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Market Pulse: China growth worries; central bank chatter in focus

25 April 2022

What’s going on in financial markets? Which macro themes should you watch? Drawing on our depth and breadth of market and economic expertise, Market Pulse brings you insights on the latest investment themes to help preserve and grow your wealth. 


Macro views

  • China was a big feature over the last couple of weeks. First quarter GDP was much better than expected: the economy grew by 4.8% year-on-year, topping expectations of a 4.0% increase. However, there was significant weakening in activity in March due to the impact from sporadic lockdowns. Industrial production, retail sales and exports all fell month-on-month, and this trend has continued into April. As a result, despite the strong GDP figure, some investment banks have cut their forecast growth rate to a range of 4.2%-4.8%.
  • China’s policy response was disappointing. The People’s Bank of China cut its reserve ratio, but it did nothing with interest rates. President Xi spoke about the lockdown policy but did not indicate any change to it – and so, it looks like it will remain somewhat haphazard. The Politburo meets this week so there could be more announcements after that.
  • The International Monetary Fund updated its January forecasts last week. Like others, it too has made cuts to its expected growth rate for this year and next. It now expects 3.6% growth in 2022 and 2023, which is still a respectable level of growth, but it is below the consensus growth rate for this year. It has a weaker out-turn for China and slightly worse for the euro area. However, given the comments, above consensus forecasts may be coming down to join it. 
  • There was some relief in Europe. Firstly, we had the re-election of President Macron in France. This means France remains a co-operative member of the EU. Secondly, the euro area PMIs for April were released showing an improvement month-on-month. Despite the moves in energy prices, the reopening is delivering a lot of momentum to the region’s economy.

Market views

  • Markets were down during the last couple of weeks but were more focused on central bank speak than on changes to forecasts for the Chinese economy. This put further pressure on bonds as 10-year yields approached 1% in the euro area and 3% in the US. Equity markets are reacting to this with sharp falls last week. Encouragingly, bond markets have strengthened in the face of this equity weakness. Perhaps they will behave as safe haven assets again.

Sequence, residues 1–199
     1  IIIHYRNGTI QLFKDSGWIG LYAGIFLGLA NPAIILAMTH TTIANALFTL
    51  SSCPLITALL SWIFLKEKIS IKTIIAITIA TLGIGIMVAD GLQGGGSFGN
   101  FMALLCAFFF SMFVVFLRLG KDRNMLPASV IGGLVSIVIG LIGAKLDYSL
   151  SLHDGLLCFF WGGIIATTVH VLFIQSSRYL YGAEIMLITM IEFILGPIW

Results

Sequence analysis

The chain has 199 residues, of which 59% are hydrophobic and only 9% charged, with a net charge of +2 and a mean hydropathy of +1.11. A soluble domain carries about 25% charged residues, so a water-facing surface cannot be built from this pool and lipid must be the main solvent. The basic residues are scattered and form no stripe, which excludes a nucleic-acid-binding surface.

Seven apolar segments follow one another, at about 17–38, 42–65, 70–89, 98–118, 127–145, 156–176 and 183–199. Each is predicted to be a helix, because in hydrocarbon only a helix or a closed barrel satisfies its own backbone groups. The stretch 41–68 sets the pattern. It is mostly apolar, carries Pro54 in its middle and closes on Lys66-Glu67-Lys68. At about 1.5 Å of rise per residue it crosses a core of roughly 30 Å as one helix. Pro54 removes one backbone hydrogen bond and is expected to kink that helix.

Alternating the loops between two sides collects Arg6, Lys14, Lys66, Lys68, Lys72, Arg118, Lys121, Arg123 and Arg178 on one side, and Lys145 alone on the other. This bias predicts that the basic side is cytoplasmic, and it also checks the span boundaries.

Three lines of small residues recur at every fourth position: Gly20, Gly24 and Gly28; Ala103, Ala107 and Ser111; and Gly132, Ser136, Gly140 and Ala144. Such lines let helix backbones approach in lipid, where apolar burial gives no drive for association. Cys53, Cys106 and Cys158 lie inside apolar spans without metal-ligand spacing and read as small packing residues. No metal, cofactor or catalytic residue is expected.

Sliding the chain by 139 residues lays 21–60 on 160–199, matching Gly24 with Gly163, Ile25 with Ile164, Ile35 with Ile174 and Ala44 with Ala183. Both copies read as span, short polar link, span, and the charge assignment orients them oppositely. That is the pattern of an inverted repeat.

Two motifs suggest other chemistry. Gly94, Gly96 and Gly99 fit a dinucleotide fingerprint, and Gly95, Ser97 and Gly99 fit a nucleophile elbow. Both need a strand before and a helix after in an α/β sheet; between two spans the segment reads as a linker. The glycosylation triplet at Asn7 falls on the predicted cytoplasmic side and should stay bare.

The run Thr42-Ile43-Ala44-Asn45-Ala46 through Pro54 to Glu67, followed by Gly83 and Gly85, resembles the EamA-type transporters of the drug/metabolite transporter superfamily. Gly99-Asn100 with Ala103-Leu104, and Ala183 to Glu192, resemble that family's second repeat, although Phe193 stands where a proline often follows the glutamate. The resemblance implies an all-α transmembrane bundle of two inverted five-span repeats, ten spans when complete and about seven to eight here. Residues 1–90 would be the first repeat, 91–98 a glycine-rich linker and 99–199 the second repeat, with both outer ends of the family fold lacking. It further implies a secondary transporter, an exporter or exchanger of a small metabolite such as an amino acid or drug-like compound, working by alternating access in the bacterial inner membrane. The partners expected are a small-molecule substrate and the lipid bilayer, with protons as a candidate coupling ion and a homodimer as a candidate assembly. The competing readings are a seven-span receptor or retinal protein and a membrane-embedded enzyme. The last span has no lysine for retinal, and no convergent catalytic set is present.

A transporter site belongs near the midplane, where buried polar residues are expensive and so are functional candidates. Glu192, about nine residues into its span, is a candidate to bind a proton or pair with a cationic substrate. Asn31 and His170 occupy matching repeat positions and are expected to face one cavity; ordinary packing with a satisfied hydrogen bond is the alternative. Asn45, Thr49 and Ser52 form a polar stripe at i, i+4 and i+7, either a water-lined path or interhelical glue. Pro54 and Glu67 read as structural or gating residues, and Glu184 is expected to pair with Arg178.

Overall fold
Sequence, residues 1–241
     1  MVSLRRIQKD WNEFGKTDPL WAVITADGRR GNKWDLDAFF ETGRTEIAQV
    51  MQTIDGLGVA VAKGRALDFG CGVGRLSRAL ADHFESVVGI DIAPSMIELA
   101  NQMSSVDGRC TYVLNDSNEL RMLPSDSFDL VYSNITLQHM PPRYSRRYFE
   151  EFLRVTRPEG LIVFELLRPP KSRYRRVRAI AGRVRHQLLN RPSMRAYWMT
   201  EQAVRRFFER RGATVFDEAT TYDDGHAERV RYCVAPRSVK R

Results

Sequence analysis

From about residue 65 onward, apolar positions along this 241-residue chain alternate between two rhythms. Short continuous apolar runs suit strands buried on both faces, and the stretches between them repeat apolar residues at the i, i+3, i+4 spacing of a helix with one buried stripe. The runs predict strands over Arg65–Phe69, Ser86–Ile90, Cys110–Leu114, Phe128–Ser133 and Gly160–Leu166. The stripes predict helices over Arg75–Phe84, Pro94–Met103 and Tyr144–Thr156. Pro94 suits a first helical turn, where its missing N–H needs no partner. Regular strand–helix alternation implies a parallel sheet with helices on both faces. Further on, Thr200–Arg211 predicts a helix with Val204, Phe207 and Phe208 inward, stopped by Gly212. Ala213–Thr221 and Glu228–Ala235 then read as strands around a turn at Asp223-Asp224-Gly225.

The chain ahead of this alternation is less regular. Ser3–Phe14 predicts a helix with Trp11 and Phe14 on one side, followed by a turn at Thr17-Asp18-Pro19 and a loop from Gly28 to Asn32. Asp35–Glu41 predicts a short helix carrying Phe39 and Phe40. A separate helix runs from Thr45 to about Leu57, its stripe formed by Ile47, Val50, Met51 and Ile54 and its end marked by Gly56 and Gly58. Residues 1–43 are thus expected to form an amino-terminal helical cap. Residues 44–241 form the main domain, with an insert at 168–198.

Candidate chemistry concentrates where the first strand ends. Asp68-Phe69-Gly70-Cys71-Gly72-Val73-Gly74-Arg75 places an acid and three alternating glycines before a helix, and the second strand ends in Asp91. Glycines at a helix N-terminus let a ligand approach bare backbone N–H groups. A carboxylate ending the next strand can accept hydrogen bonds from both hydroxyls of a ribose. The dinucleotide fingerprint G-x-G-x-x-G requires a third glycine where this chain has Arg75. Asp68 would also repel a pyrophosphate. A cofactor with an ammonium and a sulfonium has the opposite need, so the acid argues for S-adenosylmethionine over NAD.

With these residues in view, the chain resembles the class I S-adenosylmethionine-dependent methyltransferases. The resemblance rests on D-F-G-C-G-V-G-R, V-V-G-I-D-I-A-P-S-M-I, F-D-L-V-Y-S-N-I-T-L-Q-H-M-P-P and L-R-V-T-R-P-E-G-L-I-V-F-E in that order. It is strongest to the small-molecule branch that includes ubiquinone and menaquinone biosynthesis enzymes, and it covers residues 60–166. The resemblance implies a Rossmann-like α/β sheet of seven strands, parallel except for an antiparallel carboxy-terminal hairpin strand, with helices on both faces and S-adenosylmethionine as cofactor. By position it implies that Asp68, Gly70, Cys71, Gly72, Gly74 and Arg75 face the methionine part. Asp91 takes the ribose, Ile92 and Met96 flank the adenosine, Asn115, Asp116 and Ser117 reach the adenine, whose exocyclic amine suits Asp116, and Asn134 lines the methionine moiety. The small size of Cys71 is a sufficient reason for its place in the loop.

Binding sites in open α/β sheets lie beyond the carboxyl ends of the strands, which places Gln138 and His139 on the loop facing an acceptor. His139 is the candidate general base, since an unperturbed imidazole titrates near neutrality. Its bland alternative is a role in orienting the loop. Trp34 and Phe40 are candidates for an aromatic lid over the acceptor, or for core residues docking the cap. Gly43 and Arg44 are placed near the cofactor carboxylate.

• Federal Reserve members have been making more aggressive comments, with some talking starting to talk about the possibility of 75bps rate hikes. Meanwhile, the European Central Bank (ECB) is more compromised by the growth outlook. Some ECB Governing Council members suggested that rates could rise in July. However, President Lagarde subsequently said that growth forecasts will have to be cut and called on council members to stop expressing personal or dissenting views. We have not seen any changes to the terminal level of interest rates which is more important than the pace at which we get there.
  • Earnings season has kicked off in the US and Europe. Although we are at the very early stages, the indications have been good. Actual results in the US are over 8% higher than forecast at this stage and, more importantly, outlook statements have been relatively upbeat.  Of course, cost issues and supply blockages are still there but corporates are managing their way through these issues. 

Chart of the week: Yen falls 10% in six weeks

The Japanese Yen has been having a tough time against the US dollar over the last 12 months because the Japanese economy has struggled more with recurring waves of the Covid-19 virus. The change in policy from the Federal Reserve has accelerated this trend and the Yen has dropped 10% over the last six weeks – a very large move in currency markets. With the Bank of Japan committed to maintaining low rates, this trend is not likely to change. This could induce some capital flows from Japan into the US Treasury and help stabilise yields there. China is reacting. Last week, it started to manage the Renminbi down against the US dollar – and this is not good for the region.

 


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